If the Indians were to score in the ninth inning, it would be unlikely Molitor would get another chance to extend his streak. Higuera, touched for only three hits while striking out eight, remained on the mound for the Brewers.
Julio Franco, hitting .321 coming into the game, was retired on a fly ball to left field. Tabler, the Tribe’s leading hitter at .322, flied out to center. Higuera then induced slugger Joe Carter to ground out to second base to retire the side.
John Farrell had matched Teddy Higuera almost pitch-for-pitch, having surrendered only three hits entering the ninth inning while notching seven strikeouts. Farrell made short work of the Brewers, retiring Glenn Braggs, Brock, and Surhoff on groundball outs. After nine full innings, the game remained deadlocked at 0-0.
Still sharp, Higuera retired the side in order in the 10th inning, fanning two more for his ninth and tenth strikeouts.
As the Brewers came to bat in the bottom of the 10th, Edwards pulled Farrell in favor of reliever Doug Jones, a right-hander who had supplanted Ernie Camacho over the summer as the Indians’ primary closer. Jones had saved four games over the last two weeks and paced the pitching staff with a 3.00 ERA.
Jones, however, plunked Deer with a one-ball, two-strike fastball, giving Milwaukee a baserunner to open the inning. After Mike Felder went in to run for Deer, Riles bounced a pitch back to Jones, who tossed the ball to first base for the out, with Felder advancing to second on the play. Sveum was given an intentional pass to put runners on first and second. Due up next was the light-hitting Castillo.
A ripple went through the crowd as Brewers manager Tom Trebelhorn waved Castillo back and sent out Rick Manning to hit. Manning was 4-for-10 as a pinch-hitter this season, but those in attendance were less interested in seeing a hit than in seeing the inning extended so that Molitor, now on deck, could come to the plate one more time. Many in the stands were rooting for Manning to strike out rather than risk an inning-ending double play.
Accordingly, the crowd cheered when Jones slipped a strike past Manning on the first pitch.
“When I heard the cheers after the first strike,” said Manning, “I had to step out of the batter’s box and collect myself. I wondered if I’d gotten traded back to Cleveland between innings or something. But I checked my uniform and it was still a Milwaukee one.”4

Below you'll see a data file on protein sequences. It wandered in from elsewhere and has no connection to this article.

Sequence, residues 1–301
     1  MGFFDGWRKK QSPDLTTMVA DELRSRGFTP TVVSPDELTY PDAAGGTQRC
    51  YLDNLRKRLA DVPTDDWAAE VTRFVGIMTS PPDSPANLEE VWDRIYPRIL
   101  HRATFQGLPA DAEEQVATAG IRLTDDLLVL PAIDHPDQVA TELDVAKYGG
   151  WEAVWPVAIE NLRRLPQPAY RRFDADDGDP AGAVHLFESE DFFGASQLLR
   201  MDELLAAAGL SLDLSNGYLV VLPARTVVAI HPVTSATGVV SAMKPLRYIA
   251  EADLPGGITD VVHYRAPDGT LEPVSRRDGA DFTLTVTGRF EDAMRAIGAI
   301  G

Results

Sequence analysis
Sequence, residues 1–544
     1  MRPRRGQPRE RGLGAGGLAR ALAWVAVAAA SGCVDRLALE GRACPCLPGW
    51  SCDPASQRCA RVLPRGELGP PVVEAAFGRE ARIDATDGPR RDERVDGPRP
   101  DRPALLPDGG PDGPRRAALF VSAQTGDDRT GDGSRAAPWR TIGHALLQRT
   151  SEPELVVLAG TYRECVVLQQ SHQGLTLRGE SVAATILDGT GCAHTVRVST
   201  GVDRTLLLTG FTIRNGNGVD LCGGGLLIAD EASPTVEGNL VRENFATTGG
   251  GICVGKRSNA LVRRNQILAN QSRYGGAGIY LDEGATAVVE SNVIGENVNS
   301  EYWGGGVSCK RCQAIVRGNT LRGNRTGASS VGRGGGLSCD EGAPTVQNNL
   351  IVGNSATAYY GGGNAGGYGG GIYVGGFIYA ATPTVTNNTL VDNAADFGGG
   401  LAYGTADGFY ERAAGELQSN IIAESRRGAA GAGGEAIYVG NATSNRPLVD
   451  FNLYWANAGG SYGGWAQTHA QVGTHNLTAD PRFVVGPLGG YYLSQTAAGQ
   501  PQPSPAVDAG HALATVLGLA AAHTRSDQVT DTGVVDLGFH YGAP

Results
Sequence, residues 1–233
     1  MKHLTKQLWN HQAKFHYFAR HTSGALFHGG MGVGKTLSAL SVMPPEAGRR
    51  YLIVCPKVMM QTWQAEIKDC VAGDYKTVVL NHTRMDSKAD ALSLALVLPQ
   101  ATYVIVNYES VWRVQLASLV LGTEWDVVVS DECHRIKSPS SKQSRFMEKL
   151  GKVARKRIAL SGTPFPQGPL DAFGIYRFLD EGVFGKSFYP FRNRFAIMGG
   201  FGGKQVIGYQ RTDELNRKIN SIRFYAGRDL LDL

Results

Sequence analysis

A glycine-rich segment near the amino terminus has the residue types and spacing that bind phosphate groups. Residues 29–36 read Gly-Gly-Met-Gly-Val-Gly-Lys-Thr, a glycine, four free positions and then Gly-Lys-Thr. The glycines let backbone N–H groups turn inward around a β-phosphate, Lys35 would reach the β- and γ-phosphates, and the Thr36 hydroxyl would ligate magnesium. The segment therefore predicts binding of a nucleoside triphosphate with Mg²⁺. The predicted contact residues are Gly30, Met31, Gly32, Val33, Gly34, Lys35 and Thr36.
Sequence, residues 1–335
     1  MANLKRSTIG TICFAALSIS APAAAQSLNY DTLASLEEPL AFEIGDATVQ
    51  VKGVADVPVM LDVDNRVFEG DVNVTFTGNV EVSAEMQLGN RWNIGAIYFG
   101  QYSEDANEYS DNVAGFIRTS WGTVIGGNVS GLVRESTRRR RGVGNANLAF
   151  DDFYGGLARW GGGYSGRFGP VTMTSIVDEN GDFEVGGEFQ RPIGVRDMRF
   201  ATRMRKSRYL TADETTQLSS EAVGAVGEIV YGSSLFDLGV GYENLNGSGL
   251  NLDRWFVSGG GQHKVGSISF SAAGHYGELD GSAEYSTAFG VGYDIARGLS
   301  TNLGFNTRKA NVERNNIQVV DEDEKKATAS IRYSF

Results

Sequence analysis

Stepping back in the box, Manning slapped the next pitch up the middle, beyond the reach of an outstretched Franco. Felder raced home with the winning run.
Seldom is a walk-off hit met with boos from the hometown crowd, but such was the case this night. Although Molitor was the first to hug Manning after Felder crossed the plate, many of the Brewers faithful were anything but jubilant. Catcalls rained down from the grandstand, and one fan took to the field to accost Brewers coach Larry Haney as he headed for the dugout.
“I can understand the fans,” Trebelhorn said afterward, “but they have to always understand that Paulie did get four whacks at them. You’ve got to win a ballgame. You have to try to win.”5
The boos and catcalls turned into a standing ovation, however, as Molitor returned to the field to tip his cap to the crowd.
While the postgame news centered on the end to Molitor’s streak, Teddy Higuera’s performance — a 10-inning, three-hit shutout with 10 strikeouts and only two runners getting as far as second base — did not escape complete notice.
“Those are the kind of games a pitcher loves,” the Spanish-speaking Higuera said through teammate Juan Nieves, his personal interpreter. “You know the other pitcher is pitching well. You have to concentrate. There’s no relaxing.”6
As Paul Molitor put it, “Teddy pitched his heart out.”7
This article appears in “From the Braves to the Brewers: Great Games and Exciting History at Milwaukee’s County Stadium” (SABR, 2016), edited by Gregory H. Wolf. To read more stories from this book at the SABR Games Project, click here.
Capital Times (Madison, Wisconsin)
Cleveland Plain Dealer
New York Times
The Sporting News
Wisconsin State Journal (Madison, Wisconsin)
1 “Molitor’s Hit in 6th Sends Streak to 39,” New York Times, August 26, 1987, A20.
2 “The Streak Is Struck Down by a Rookie,” Milwaukee Journal, August 27, 1987, 1C.
3 “Brewers Top Tribe, 1-0, in 10 Innings,” Cleveland Plain Dealer, August 27, 1987, 1E.
4 “Manning Put in a Tough Spot,” Cleveland Plain Dealer, August 27, 1987, 1E.
5 “Trebelhorn Defends Move,” Milwaukee Journal, August 27, 1987, 1C.
6 “Manning’s Hit Wins It With Molitor on Deck,” Milwaukee Journal, August 27, 1C.
7 “Higuera Tosses 3-Hitter for 1st Shutout of Year,” Milwaukee Sentinel, August 27, 1987, B1.